We don’t have a vaccine yet for COVID-19, but we do have an antidote. Community, collaboration, cooperation, confinement. Regrettably, “we’re all in this together,” the popular slogan right out of the gate turned out not to be true nationwide, which is why we’re still mired in the pandemic. Not enough community-mindedness. All we had to do was embrace confinement, wear face masks in public, practice physical distancing, wash our hands a lot. Americans couldn’t do it. Not all together. Some “knew” better, didn’t care, didn’t trust the authorities. Americans still believe more in individual rights than in community.

We don’t have a vaccine yet for the virus known as racism, but we do have an antidote. Community again, but community taken to another level. What Martin Luther King Jr. called “the beloved community.”

Creating the beloved community, person by person, leaving no one behind, is the only way to eradicate racism. Oak Park has a good base but we still have a long way to go. 

“Our goal is to create a beloved community and this will require a qualitative change in our souls as well as a quantitative change in our lives,” said King, who spoke about it often:

“The aftermath of nonviolence is the creation of the beloved community, so that when the battle is over, a new relationship comes into being between the oppressed and the oppressor.”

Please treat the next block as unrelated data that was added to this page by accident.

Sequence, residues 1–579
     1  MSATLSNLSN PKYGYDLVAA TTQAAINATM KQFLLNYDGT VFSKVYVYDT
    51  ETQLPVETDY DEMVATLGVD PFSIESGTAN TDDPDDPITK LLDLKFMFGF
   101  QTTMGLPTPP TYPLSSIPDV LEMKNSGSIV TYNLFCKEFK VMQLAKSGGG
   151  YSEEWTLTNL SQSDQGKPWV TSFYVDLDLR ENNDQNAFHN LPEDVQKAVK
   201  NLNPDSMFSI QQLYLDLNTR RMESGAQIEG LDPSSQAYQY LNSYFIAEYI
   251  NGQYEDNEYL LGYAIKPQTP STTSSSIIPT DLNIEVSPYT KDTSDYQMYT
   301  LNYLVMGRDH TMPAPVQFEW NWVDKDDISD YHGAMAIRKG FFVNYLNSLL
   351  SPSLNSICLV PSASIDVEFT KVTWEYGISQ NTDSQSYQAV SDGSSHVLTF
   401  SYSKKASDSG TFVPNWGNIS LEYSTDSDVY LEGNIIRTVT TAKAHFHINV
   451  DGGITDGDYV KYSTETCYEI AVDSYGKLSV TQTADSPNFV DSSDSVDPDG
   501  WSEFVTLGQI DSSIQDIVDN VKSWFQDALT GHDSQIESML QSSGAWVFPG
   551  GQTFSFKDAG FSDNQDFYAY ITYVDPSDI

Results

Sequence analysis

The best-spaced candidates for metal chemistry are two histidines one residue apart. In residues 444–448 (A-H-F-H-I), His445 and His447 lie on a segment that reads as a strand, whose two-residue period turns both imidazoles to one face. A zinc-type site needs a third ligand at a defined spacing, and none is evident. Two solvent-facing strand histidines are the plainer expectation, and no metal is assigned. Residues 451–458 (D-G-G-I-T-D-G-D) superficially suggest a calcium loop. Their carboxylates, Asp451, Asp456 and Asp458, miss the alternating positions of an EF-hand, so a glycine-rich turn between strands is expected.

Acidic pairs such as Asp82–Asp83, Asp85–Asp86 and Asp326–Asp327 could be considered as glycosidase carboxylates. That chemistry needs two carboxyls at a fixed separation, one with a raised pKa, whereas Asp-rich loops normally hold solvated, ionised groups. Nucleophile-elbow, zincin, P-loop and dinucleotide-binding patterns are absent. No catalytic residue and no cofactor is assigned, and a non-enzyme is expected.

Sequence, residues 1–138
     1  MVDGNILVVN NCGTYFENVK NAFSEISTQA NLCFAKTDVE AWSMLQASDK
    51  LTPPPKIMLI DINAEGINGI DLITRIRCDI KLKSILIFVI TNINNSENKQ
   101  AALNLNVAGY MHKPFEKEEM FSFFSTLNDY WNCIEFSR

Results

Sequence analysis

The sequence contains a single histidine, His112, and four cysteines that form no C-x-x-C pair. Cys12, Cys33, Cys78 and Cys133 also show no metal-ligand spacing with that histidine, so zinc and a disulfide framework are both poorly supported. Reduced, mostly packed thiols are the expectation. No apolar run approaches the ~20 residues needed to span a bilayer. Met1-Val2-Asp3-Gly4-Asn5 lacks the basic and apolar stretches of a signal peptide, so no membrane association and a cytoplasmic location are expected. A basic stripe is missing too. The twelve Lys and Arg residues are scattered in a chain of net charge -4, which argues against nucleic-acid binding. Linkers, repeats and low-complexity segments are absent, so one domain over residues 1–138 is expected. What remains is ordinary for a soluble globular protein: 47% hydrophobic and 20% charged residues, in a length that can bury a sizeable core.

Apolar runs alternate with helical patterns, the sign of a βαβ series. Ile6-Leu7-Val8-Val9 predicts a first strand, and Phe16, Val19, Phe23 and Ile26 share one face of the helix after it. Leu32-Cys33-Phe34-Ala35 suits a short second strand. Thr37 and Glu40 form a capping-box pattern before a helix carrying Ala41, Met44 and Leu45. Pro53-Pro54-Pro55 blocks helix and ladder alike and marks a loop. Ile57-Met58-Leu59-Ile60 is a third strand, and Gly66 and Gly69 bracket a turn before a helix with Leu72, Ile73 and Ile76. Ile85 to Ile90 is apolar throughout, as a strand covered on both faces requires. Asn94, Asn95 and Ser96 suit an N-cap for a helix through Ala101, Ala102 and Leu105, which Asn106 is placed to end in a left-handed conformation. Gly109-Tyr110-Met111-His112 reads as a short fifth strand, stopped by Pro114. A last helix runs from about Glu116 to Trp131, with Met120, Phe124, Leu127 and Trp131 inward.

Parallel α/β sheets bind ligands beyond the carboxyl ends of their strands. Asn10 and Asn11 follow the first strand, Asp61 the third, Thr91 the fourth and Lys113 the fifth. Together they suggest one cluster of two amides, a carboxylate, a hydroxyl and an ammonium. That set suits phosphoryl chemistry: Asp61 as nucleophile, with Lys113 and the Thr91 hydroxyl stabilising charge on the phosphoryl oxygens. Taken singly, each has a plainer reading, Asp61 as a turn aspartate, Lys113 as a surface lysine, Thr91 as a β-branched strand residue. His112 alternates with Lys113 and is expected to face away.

“The way of violence leads to bitterness in the survivors and brutality in the destroyers. But the way of nonviolence leads to redemption and the creation of the beloved community.”

“Love is creative and redemptive. Love builds up and unites; hate tears down and destroys. The aftermath of the ‘fight fire with fire’ method is bitterness and chaos, the aftermath of the love method is reconciliation and creation of the beloved community. … Yes, love — understanding, creative, redemptive goodwill, even for one’s enemies — is the solution to the race problem.”

“It is this type of spirit and this type of love that can transform opposers into friends. It is this type of understanding goodwill that will transform the deep gloom of the old age into the exuberant gladness of the new age. It is this love which will bring about miracles in the hearts of men.”

Oak Park has built community in a number of ways: the Fair Housing Ordinance in 1968, resisting white flight, a public commitment to maintaining stable diversity, celebrating that diversity, block parties, the Community Relations Commission and Department, the Housing Center, the Residence Corporation, the Equity Assurance Program, the Village Diversity Statement, and more. Laying the groundwork. 

Our challenge is to build the beloved community on top of it. White Oak Parkers must acknowledge the systemic racism we all grew up with and the racism that lies within each of us. We must surrender our attachment to white supremacy and white privilege and get over our white fragility and become part of a community that, as Dr. King said, requires “a qualitative change in our souls as well as a quantitative change in our lives.”

Not easy at all. But for the first time in my life, it feels doable. It won’t happen, though, without community, collaboration, cooperation.